In short, the farm’s current calf feeding program is OK the way it is, she said.
Stump did improve calf health through daily washing of the automatic feeder and twice-a-day cleaning of the nipples.
“It’s kind of like throwing all kindergartners into the classroom for the first day,” she said. Without good sanitation, “they’re all going to get sick.”
Bringing the Intensity
While most of the interns worked at farms with hundreds or thousands of cows, Catherine Moyer worked at a small grass-based dairy.
Little Crick Farm in Bradford County has 60 Jerseys crossed with Normandes and Red Devons.
For her project, Moyer pitted intensive grazing — small groups that mow down the entire paddock and are moved frequently — against farm owner John Meglich’s preference for larger paddocks and less frequent pasture changes.
Meglich gives his cows more space than they might need in the 12 hours before milking, clips what they don’t eat to even out the grass, and regrazes pretty much whenever he wants.
While Moyer’s approach is more regimented than Meglich’s, her intensive grazing produced good pasture stands.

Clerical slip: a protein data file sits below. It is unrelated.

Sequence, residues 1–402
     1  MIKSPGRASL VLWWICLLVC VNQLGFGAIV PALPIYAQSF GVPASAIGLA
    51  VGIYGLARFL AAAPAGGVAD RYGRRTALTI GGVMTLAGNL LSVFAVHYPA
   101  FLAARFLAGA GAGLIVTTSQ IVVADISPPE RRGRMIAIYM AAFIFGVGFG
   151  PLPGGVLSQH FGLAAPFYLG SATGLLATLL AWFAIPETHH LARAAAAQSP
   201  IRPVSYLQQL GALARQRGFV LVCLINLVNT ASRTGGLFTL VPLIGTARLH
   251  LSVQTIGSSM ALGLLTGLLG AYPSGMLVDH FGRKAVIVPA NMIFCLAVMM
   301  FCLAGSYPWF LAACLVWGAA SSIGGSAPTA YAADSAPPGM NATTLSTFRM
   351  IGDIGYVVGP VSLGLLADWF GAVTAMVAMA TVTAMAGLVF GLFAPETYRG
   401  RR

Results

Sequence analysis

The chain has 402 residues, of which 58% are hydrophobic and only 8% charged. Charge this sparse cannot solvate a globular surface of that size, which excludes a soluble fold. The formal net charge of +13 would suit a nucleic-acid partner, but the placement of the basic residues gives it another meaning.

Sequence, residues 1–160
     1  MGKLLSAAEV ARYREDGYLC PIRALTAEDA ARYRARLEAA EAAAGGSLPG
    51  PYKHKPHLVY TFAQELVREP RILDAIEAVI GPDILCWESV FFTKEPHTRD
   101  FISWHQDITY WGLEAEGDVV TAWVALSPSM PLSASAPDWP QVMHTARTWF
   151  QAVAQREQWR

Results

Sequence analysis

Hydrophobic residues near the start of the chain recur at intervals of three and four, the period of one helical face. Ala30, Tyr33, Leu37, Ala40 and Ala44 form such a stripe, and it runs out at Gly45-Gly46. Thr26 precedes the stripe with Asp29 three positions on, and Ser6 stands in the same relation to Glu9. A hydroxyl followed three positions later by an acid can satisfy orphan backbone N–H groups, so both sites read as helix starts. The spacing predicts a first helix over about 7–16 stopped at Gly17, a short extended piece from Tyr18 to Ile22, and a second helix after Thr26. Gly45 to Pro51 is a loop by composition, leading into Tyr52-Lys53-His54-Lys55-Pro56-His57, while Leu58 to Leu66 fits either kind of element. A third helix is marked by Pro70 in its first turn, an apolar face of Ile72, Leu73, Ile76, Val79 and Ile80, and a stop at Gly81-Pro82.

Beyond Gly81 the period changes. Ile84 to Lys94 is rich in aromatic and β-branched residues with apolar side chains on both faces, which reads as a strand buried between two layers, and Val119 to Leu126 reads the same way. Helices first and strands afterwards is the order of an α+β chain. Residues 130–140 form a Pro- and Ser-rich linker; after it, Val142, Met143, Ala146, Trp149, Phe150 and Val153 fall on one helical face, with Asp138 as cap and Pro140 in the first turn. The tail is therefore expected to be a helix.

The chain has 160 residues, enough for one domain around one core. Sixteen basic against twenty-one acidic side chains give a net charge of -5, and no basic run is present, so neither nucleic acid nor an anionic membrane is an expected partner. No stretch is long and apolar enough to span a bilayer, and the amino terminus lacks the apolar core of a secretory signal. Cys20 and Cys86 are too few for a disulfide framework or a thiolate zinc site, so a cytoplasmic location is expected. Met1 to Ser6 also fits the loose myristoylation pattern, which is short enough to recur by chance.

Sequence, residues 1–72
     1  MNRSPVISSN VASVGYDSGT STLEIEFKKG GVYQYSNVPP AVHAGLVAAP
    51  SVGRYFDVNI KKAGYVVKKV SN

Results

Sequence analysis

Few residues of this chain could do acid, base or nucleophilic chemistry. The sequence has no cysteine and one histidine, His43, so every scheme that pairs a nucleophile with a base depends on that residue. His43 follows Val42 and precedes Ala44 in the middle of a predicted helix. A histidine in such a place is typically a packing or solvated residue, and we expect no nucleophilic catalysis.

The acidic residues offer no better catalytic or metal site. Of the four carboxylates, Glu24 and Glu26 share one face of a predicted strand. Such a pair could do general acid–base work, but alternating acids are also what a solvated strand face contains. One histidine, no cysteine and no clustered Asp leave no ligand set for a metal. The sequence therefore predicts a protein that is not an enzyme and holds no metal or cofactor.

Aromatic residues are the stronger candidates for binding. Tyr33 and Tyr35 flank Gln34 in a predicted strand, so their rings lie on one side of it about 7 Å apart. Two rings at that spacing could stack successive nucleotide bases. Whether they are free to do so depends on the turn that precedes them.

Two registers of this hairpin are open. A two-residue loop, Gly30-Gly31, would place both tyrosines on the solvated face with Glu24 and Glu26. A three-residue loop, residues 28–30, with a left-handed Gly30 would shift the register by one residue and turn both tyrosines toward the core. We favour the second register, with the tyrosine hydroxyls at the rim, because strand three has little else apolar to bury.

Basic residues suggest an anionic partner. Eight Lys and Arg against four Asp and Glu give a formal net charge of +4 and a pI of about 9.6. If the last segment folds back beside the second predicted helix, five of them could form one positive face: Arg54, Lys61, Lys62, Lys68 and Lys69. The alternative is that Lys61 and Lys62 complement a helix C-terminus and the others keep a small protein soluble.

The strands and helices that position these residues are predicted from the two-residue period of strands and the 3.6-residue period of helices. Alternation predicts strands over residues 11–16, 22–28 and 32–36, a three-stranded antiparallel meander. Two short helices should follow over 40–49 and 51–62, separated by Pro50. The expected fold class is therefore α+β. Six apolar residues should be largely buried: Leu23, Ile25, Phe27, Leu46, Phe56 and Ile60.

Managing nanny cows and heifers, Moyer had success bringing pastures with old, poor-quality forages back up to the caliber needed for lactating cows.
Meglich was even able to regraze some of Moyer’s pastures when he ran short on grass for the milking herd.
During the summer, Moyer learned how to set up fences that would keep in small calves, not just the large cows.
She also discovered the challenges of making fence in a part of Pennsylvania that at times seemed more wild than agricultural.
“I was climbing up hills and over cliffs and down logs and trying to fit fence posts in sold rock,” she said. “So that was a bit difficult at times.”
Let There Be Light
Holly Musser, in her second year in an associate degree program at SUNY Cobleskill, spent her summer at Restful Acres in Hershey.
Farm owner Frank Graybill installed LED lights in the parlor during the summer, and he wanted to know if the cows would defecate less while there.
The thinking was that cows relieve themselves more when they’re in an unfamiliar or stressful setting. The freestalls already had intense lights, so going into the dimly lit parlor may have thrown them off, Musser said.
In her study, Musser actually found little change in the cows’ bowel movements after the lights were installed, though she didn’t have much opportunity to gather data because the LEDs were put in near the end of her internship.
The much brighter lights did at least have a big influence on the people who milked the cows.
“I thought it helped me keep awake at night if I had to milk,” Musser said.
She could finally see well underneath the cows, and the lights in the once-dark holding area made it easier for workers to gauge how many cows were left to milk.
It was, one might say, a particularly enlightening part of her internship.